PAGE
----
first rodeo.

“How many?” Dad returned his gaze to the direction of the swarm.

Emily looked again to better judge their number. They were closer now. Maybe ten minutes. A lot more details were coming into view, like how some of the bats had rocks in their talons. Rocks she figured they intended to let loose on the house when they got within range. At that height and speed, the rocks would do great damage to the cottage. Emily began to wonder what defenses Aunt Anastacia had put on the outside of the house.

When she and her friends had snuck in two days before, they’d been attacked by a wind demon (she didn’t know what else to call it). They had been effectively pinned to the wall by invisible windy latches. It took Aunt Anastacia appearing in the living room and ascertaining their identities to release them.

If she’d put such a defense system inside her house, maybe she had put some external defenses into place as well. Why defend the interiors of your house and leave the exterior undefended? That would defeat the whole purpose.

So the question in Emily’s mind was: How strong was the exterior defense? Was it strong enough to withstand a hail of rocks? Was that even why the bats were bringing the rocks? Because they knew there was a defense system set up, and perhaps that was the only way to break it?

If there was such a defense system in place, was it not wiser for her to go inside and stay safe?

If that would cut it, maybe Aunt Anastacia wouldn’t have asked you to defend the house, Selena suggested.

Maybe she wasn’t expecting to be swarmed by a pack of bats, Emily thought back. Maybe she just wanted to get me out of the house and into the night where I can clear my head. After all, I wasn’t particularly thinking levelheadedly back there.

Selena’s emotion of surprise pranced through Emily’s mind.

What? Emily thought to Selena, wondering what had piqued The Owl’s surprise.

Just that you, for the first time, admitted to me that you’re not thinking clearly, Selena offered.

I wasn’t thinking clearly, mind you, Emily corrected. Right now I’m as clear as . . . as can be.

“It’s hard to tell how many there are,” Emily told her father. “But I would guess a few thousand.”

Emily watched as Dad’s shoulders slumped. He took one glance at his old rifle and hissed. There was no way the gun was any match for what was coming, and he was just realizing it.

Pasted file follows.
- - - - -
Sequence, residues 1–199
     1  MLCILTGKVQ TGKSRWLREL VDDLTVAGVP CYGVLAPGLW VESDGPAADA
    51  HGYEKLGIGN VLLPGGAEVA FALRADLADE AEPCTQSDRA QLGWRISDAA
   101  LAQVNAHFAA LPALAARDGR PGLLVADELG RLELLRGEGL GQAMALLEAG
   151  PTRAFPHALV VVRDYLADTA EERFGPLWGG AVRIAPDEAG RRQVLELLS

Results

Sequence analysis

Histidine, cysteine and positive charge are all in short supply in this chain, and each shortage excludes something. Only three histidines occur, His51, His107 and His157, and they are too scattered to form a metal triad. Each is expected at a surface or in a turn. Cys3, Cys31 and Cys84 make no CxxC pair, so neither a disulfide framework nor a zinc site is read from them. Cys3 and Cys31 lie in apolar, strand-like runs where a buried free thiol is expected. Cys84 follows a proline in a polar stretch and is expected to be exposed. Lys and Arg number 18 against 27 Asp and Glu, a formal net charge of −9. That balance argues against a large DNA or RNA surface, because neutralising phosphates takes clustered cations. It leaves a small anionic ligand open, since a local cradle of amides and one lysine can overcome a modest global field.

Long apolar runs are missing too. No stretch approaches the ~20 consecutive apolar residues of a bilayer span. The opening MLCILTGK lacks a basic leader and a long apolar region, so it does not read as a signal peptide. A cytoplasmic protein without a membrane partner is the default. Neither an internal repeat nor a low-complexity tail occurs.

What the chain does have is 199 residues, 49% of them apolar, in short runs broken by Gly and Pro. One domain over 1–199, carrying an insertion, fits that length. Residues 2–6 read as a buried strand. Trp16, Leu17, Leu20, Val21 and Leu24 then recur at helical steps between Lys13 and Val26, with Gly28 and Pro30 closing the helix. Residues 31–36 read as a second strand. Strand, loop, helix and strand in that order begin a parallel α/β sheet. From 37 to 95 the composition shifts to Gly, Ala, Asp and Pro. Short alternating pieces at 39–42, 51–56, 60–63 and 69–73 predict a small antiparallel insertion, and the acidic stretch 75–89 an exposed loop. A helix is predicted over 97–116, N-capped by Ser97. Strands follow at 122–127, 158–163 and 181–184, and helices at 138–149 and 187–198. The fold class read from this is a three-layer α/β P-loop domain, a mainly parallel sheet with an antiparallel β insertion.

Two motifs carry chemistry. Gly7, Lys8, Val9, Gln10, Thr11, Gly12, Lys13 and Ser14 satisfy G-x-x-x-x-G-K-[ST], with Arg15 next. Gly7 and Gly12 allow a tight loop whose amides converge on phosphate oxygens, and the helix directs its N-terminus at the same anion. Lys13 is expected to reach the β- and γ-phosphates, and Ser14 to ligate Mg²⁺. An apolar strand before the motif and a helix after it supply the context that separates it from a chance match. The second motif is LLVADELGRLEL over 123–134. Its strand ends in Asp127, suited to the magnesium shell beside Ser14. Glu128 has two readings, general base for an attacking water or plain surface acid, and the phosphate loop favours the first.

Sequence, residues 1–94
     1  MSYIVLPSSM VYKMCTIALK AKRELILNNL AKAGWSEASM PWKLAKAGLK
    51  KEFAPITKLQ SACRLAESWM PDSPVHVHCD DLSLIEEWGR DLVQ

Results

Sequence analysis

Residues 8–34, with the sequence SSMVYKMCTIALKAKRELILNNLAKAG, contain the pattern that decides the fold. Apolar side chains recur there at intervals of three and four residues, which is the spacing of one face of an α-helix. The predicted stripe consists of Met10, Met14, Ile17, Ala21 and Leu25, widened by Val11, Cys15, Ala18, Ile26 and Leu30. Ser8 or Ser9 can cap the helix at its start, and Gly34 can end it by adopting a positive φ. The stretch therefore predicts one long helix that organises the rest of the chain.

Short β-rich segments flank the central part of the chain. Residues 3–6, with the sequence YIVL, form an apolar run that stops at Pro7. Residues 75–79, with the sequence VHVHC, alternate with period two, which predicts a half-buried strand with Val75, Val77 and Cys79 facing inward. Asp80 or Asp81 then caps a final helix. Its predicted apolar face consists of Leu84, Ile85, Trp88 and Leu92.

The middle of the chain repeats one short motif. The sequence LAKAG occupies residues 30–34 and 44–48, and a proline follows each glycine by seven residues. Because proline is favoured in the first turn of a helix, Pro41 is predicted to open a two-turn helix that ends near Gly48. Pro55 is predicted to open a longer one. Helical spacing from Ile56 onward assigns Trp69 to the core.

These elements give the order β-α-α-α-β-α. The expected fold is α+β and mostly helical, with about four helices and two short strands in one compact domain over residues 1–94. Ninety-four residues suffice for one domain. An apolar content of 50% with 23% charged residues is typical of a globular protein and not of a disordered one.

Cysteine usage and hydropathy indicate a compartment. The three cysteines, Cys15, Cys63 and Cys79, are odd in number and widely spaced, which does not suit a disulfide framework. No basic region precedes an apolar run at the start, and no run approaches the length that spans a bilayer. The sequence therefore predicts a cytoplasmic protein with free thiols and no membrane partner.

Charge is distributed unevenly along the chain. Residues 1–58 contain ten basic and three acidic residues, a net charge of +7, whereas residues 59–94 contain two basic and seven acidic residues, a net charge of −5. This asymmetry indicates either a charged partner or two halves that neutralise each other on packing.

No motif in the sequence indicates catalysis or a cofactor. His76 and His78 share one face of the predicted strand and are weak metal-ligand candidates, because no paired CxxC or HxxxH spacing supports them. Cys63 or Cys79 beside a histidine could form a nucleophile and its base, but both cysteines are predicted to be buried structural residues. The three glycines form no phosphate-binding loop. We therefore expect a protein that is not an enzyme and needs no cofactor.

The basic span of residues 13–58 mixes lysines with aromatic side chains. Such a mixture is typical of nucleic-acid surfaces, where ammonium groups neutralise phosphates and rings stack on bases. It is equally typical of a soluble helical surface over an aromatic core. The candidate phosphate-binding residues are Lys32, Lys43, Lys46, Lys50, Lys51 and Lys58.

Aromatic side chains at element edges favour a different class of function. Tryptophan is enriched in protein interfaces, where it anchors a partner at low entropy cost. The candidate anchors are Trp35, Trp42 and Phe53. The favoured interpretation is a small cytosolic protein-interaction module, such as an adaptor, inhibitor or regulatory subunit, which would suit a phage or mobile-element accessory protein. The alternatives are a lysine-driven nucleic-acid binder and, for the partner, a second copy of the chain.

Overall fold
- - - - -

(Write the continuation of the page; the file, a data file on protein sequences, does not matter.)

“You don’t have to join me to fight them.” Emily tilted her head to the side. “I just want to know if you have any suggestions. They’re about eight minutes out. I’m thinking of taking them on all the way out there. Let me see how many I can destroy before they get here.”

“And when they get here?” Dad was now looking at the swarm. It still wasn’t close enough to see, but some of the early birds—a few dozen or so that were flying faster than the horde—could be seen by the naked eye.

“When they get here, it’s going to be hell.” Emily shrugged. “I mean, I’ll keep fighting them until either one of us is destroyed, but I was hoping maybe Aunt Anastacia—”

Dad shook his head, cutting her off with a wave. “She’s of no use to us now. Even when she’s done with Michael, she’ll be passed out on the floor, still as a rock.”

Emily thought the way Dad had said that was curious. He sounded like he knew a lot about Aunt Anastacia’s magic. Maybe even a lot about the supernatural. Emily shouldn’t be surprised, of course, because Dad was married to an owl shifter. But she had just assumed that Dad didn’t know. It wasn’t like they’d discussed much about Mom’s abilities or anything. Plus, Dad had been cursed by the evil rove, Gregory Alfred, so they hadn’t had any father-daughter pep talks after Mom’s demise.

Hearing Dad talk with such certainty felt odd. Like, how did he know so much about supernaturals? Was he some sort of supernatural and she didn’t know? Did he know Mom was an Owl and married her all the same? Supernaturals tended to marry their own kind. Maybe he really was a supernatural.

Staring at Dad and watching as he looked up at the sky, Emily realized, in retrospect, she knew little about her father. There were so many questions she hadn’t asked yet. Like why didn’t the evil rove just kill him? Why spare his life and cast a spell on his mind?

“I know Aunt Anastacia is going to be knocked out for a couple of hours.” Emily turned away from her father and looked around. “I was thinking maybe she had some sort of defense set up around the house.” She proceeded to quickly explain what she’d experienced when she and her friends had sneaked into the house.

Dad nodded. “Yes, she does have the perimeter secured with a couple of hexes and curses and spells. But I doubt it’d be enough . . .” Dad’s voice trailed off as his eyes narrowed in thought.

“What is it?” Emily was curious to know what her dad was thinking.

“What if . . . ?” Dad’s voice trailed off again.

“Dad, those things would be on us any minute,” Emily pointed out. “If you’ve got something, please let me know now.”

“What if that’s their plan?” Dad’s eyes were set straight ahead. “The perimeter defense Anastacia put in place will take out, say, a thousand of those beasts.”

Emily’s eyes widened in admiration. Oh?

“But that’s like thirty percent,” Dad kept going. “And it’s going to leave this cottage utterly defenseless.”

Emily almost pointed out that she was defense enough. But she didn’t want Dad getting sidetracked.

“Which means the roves would have free access inside,” Dad concluded.

“You think the bats are just coming to open up the perimeter, like an advance party of sorts?” Grim images rolled through Emily’s mind. “You’re thinking that the main attack force comes

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